A 360-degree marketing and communications strategy dramatically raises the public profile of an online retailer’s production division, fuels the growth of home video revenue, and allows the division to surpass historical expectations for a niche anime publisher.
Propelled home video sales for more than 20 classic and niche anime intellectual properties (IPs) and set the stage for the prolonged longevity of each IP.
Drove massive gains in the volume and value of editorial coverage, alliances, and fan interaction — far exceeding all expectations for a niche anime publisher.
Ultimately raised the publishing division’s public profile — which helped insulate it (and its releases) during economic uncertainty and spring back more quickly than other publishers.
Targeted, title- and audience-specific brand marketing
On top of shows Right Stuf acquired before my arrival, I handled marketing and public relations for more than 20 niche and classic anime properties, plus the launch of two anime labels (Nozomi Entertainment and Lucky Penny).
The marketing process began during the pre-acquisition stage and continued through a title’s initial home video release, re-releases, and back-catalog initiatives.
My omnichannel approach placed a heavy emphasis on identifying each IP’s diehard champions and establishing ongoing, two-way communication with its fans — often at the earliest stages of the licensing process.
Baseline activities included:
Researching consumer demand for individual titles, plus sales forecasting.
Identifying and recommending potential licenses, prospective target audiences for specific titles, and underserved audiences.
Making recommendations regarding release formats and special features.
Introducing properties to the English-speaking market via license acquisition announcements and launch events (online and offline).
Creating and conducting long-term catalog initiatives. These were informed by statistical, anecdotal, customer, and sales research throughout licensed properties’ entire lifespans.
Planning and executing pre-order special offers and promotional items — from concept to production and placement.
Establishing cohesive messaging across all online and offline media, including series sites, consumer advertising (print and digital), postcards, and B2B sell sheets.
Supervising and participating in the development of original and supplemental content for series websites.
And devising and implementing the strategic expansion of title-specific marketing and PR across online and offline media.
Not your average anime titles — or brand marketing
Many anime industry veterans, in the U.S. and Japan, considered these classic and niche titles hard to sell — and difficult to market — to Western audiences due to their age or subject matter.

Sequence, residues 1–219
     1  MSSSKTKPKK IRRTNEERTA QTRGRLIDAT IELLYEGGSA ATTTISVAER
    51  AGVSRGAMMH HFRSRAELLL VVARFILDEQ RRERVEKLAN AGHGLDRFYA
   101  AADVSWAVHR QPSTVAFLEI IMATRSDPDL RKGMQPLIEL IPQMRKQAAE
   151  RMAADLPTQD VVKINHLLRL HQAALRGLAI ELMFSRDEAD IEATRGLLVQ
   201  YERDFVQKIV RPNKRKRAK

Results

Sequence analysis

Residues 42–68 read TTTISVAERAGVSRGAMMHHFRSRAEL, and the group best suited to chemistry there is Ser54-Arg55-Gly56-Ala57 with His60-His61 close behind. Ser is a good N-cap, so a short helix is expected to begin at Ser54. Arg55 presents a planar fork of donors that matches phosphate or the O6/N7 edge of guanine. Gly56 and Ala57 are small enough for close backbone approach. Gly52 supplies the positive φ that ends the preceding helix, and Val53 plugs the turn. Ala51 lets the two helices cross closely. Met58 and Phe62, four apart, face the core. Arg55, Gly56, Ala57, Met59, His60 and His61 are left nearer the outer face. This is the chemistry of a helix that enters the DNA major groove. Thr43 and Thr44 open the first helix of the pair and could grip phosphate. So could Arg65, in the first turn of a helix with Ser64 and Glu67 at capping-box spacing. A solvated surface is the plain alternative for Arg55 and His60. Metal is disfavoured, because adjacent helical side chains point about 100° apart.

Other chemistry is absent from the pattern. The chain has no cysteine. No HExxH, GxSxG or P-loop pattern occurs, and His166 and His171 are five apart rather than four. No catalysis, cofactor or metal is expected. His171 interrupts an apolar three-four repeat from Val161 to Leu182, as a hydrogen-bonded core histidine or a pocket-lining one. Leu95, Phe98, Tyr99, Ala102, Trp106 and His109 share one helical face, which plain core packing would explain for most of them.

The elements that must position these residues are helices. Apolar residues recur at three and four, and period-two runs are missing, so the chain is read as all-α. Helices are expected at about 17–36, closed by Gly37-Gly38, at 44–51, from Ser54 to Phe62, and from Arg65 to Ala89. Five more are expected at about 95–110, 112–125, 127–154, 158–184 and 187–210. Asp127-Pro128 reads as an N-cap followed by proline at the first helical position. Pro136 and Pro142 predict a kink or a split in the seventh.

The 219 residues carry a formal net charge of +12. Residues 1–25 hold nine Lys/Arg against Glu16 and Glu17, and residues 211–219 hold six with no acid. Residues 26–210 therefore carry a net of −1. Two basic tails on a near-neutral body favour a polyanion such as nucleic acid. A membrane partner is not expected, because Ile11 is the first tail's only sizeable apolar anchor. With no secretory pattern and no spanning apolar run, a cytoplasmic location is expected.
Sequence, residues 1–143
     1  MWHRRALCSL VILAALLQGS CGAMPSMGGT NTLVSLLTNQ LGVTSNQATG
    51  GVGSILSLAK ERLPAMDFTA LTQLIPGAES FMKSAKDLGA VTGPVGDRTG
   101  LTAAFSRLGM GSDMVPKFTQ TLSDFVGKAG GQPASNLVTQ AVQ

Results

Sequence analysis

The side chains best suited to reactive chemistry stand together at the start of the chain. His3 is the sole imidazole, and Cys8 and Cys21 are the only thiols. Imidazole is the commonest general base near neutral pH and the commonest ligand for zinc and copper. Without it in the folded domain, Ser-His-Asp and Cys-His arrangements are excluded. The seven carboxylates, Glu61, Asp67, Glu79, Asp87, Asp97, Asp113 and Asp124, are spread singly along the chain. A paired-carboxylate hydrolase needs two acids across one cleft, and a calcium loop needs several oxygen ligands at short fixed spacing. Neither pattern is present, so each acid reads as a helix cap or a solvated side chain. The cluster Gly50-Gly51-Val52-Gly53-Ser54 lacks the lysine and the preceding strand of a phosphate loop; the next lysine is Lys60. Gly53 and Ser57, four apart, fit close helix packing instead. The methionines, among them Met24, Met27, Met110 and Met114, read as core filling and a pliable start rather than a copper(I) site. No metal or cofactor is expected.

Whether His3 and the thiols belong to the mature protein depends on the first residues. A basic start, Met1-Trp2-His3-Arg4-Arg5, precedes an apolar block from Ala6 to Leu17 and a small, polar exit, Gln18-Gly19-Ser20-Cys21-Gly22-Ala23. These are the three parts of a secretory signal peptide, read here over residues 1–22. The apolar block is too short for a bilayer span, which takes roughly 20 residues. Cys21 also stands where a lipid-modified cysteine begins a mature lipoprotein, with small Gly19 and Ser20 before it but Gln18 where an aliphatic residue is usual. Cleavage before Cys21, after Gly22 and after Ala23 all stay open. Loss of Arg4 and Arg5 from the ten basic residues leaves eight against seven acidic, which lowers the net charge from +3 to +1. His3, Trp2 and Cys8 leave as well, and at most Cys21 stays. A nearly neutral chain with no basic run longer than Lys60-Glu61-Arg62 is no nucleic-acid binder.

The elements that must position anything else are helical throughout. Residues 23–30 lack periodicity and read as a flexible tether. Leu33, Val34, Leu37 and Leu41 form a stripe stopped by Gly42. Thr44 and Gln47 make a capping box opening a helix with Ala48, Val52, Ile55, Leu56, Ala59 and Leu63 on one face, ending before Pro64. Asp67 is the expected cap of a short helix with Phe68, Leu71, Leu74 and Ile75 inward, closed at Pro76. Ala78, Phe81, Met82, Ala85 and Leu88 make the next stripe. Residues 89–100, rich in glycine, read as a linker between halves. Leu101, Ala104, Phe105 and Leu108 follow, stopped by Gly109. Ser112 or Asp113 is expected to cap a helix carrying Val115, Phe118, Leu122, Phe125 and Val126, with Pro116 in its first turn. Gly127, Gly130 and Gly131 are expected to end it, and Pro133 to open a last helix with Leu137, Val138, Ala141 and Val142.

On top of that, the majority of the IPs were released without an English-dubbed audio track — only Japanese audio + English subtitles.
Emma: A Victorian Romance is a fantastic melodrama, set in England and filled with historically accurate flourishes.
However, the composition and size of Emma’s fanbase is quite different from the fanbases of the action-packed boys’ and children’s IPs that tend to dominate the English-speaking market. (Think: Dragon Ball Z, Pokémon, or current favorites Demon Slayer and My Hero Academia.)
On the flipside: The challenge for sci-fi property Dirty Pair is its vintage.
Classic anime fans revel in its 1980s animation and action-comedy sensibility. But a notable segment of younger and newer fans can’t get past what they view as dated visuals and storytelling.
(Even though many of their favorite, present-day creators cite the series as an influence.)
To effectively market an Emma, a Dirty Pair, or any of the properties at the bottom of this page, you must:
Understand why fans love the property;
Embrace those factors; and
Bring those unique points to the attention of the audience who will love that property…
If they only knew about it.
A strategy that begins — and ends — with the fans
Communications-driven marketing strategies — plus a willingness to experiment, fully utilize the tools and assets at my disposal, and jump on opportunities — maximized the potential of these IPs and helped them exceed market expectations.
Leveraging both sides of my role as marketing director
Marketing Right Stuf’s ecommerce and publishing divisions simultaneously became an advantage that allowed me to apply knowledge gained from one area to the other.
In addition to Right Stuf’s sales data for Nozomi and Lucky Penny titles, I gained an industry-wide perspective via my work for Right Stuf’s online store, which sold anime and manga (Japanese comics) from every English-language publisher in the U.S. and Canada.
This unique view encompassed:
How the titles I promoted were performing, in comparison to similar titles from other publishers;
Which titles (and genres) fans were buying via Right Stuf’s store;